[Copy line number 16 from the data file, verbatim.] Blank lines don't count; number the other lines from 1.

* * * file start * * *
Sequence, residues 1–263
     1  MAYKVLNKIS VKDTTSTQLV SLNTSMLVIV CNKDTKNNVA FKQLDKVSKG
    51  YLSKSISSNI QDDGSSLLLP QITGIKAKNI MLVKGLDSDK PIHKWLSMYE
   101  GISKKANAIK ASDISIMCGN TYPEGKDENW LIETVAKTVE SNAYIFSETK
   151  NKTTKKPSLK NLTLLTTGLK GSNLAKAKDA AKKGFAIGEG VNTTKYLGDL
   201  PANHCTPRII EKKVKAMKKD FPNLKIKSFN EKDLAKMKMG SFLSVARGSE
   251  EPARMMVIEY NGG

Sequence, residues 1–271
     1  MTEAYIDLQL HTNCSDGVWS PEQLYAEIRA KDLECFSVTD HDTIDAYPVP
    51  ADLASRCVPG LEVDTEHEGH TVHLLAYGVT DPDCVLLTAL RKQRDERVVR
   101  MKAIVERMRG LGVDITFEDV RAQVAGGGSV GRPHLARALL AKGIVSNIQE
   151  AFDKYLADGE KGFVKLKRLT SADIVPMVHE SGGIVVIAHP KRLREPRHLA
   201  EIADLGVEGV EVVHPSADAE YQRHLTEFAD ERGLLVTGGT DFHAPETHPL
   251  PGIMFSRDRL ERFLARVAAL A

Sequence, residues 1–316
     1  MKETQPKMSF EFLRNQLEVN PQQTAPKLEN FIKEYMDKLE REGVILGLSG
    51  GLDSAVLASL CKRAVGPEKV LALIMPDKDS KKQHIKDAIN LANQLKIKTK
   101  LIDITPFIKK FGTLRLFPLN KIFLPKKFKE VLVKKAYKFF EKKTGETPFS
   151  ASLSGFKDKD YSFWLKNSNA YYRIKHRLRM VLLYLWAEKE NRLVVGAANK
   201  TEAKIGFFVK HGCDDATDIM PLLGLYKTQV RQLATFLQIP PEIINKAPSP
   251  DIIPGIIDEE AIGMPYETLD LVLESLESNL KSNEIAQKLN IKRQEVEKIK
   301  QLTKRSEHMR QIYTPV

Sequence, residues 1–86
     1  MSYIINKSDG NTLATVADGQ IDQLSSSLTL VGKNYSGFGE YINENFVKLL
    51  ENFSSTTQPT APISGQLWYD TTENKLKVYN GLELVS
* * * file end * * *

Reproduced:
     1  MKETQPKMSF EFLRNQLEVN PQQTAPKLEN FIKEYMDKLE REGVILGLSG